PDF Boxes

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PDF Boxes

While PostScript (and EPS, that is) knows only one kind of page size, defined by the BoundingBox (or HiResBoundingBox), the size of PDF pages can have different meanings – e.g. the visible page, the printed page, the cropped printed page. Therefore the PDF standard defines a set of "boxes":

Name Meaning
MediaBox Size of the physical medium (print sheet); this is the page format.
CropBox Page size that is visible in a viewer (fallback for the other boxes, minimally required); this includes the bleed box and all marks for the printshop.
BleedBox Page size plus bleed (cut space); defines the trimmed page plus the bleed.
TrimBox Size of trimmed (cut) page, "final" page size; the net result document format.
ArtBox Size of the page content (artwork); might be used for imposition purposes; typically, it can be used to specify any section of the page.

In PDF/X, if ArtBox is defined at all, it must not differ from TrimBox.

In ConTeXt

End of August 2015 ConTeXt got the necessary setup keys to define these boxes (minimal example by Hans):








The auto option only works with layout=middle (message otherwise). The offset are accumulative (so crop < trim < bleed).

The default CropBox and TrimBox handling is unchanged, so one really needs to set this when it's needed. The already present interactionscreen cropping is unchanged.

ConTeXt doesn’t set ArtBox at the moment, since nobody seems to need it.

Bugs and Pitfalls

In a thread on tex.stackexchange.com from 2017-05, there are few clarifications by user Marcus C., to be integrated here:

  • The parameter \setupinteractionscreen[width=max,height=max] is necessary for the calculations to be enabled.
  • \setupbackend[format=PDF/X-1a:2001], on the other hand, doesn't seem to have any effect. Nice to have, when exporting a PDF file for printing, of course, but not sigificant for the box calculations.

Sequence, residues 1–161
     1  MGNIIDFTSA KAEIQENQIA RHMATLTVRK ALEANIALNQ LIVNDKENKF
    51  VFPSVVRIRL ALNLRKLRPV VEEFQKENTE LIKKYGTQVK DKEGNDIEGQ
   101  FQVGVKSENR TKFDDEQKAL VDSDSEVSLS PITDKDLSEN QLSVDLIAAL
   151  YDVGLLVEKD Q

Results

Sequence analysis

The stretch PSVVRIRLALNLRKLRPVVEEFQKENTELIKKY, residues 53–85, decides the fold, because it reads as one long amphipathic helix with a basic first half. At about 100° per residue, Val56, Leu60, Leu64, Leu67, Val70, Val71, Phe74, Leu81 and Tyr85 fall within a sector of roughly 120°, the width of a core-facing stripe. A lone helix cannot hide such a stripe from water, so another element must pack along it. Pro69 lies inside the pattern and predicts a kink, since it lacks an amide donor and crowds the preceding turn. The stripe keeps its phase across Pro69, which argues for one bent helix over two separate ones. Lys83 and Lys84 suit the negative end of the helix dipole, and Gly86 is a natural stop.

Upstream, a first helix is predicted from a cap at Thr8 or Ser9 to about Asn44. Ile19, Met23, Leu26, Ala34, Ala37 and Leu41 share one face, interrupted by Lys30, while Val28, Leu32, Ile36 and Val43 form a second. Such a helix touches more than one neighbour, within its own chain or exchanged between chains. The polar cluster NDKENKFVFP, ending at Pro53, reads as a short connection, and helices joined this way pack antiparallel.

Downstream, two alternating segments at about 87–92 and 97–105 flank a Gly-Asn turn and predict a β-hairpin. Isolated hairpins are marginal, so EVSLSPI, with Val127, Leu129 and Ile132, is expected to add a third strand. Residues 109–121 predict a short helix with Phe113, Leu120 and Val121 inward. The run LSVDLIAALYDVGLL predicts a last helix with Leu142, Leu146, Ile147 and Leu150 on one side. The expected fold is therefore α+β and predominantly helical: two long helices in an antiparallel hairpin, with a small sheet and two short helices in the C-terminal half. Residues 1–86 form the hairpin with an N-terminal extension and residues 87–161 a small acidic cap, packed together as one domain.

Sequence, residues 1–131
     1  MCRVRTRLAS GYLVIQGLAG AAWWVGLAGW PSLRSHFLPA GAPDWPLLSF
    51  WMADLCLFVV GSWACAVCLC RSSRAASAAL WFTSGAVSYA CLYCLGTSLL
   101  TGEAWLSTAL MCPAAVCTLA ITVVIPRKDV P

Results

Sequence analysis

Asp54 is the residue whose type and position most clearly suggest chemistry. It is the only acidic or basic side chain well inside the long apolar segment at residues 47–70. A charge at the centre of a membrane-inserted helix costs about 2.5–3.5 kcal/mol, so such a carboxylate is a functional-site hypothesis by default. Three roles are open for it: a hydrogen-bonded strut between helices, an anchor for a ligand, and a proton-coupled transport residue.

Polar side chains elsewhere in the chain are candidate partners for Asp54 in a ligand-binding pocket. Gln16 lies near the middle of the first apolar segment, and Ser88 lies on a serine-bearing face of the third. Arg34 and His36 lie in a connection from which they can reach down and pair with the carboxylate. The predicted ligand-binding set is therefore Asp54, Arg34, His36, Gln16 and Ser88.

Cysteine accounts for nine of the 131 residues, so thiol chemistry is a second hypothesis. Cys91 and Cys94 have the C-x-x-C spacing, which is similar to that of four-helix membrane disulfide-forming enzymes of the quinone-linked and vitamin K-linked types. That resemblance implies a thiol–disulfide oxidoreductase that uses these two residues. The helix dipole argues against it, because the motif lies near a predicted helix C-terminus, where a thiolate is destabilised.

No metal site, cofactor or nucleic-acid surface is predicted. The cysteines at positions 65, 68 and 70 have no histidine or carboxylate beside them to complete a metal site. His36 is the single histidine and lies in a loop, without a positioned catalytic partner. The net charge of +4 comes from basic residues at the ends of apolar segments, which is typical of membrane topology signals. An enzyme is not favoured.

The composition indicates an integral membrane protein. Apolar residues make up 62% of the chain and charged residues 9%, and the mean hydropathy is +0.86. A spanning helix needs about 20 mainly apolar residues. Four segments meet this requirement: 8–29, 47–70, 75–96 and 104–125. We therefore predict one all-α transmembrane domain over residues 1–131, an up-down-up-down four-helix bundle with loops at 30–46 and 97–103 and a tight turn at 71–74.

• The media size (i.e. the size of the MediaBox) is taken from the second parameter in the command \setuppapersize. I'm not sure, if that's been a good choice, but anyway: It's the way it's currently done.
  • The first parameter cropoffset specifies the difference in size between the MediaBox and the CropBox. As it is usually suggested that the CropBox should be equal to the TrimBox, this might as well be set to something other than 0, so that MediaBox becomes the biggest "box". However, looking at how the Adobe software handles this, I guess it is expected that the MediaBox and the CropBox are identical. So, I'll set this parameter to 0 mm.
  • Next, the parameter trimoffset specifies the difference between the CropBox and the TrimBox. For achieving correct bleed, this is essential. However, in contrast to the example given (above), this parameter seems to be completely ignored, if it is positive. So, to get any bleed at all, I'll set this to -3 mm (the value most often used here in Europe).
  • The parameter bleedoffset, then, gives the difference between the TrimBox and the BleedBox. And here's a weirdness: Setting this to -3mm yields a BleedBox that's smaller than the TrimBox, which is obviously not correct. The value 0mm yields the same size as the TrimBox, which is unusable, as well. Choosing 6mm for bleedoffset yields a BleedBox that's bigger than the MediaBox, which doesn't make any sense at all (and should probably be corrected by the compiler, but that's another story).
  • So, taking all this into account: The correct value should be 3mm. However, trying this exact value yields a PDF file that doesn't have a BleedBox at all. This got me stumped for a while and I suspect it is a bug in the current version. But it is, after all, the only way for achieving something closely resembling the output by Adobe InDesign. And, while this might not be standards-compliant, it should work well in practice.

So, here's the complete MWE, just in case anybody else needs it:






\input tufte


Except for the missing BleedBox, the resulting PDF file is now equivalent to the one created by InDesign.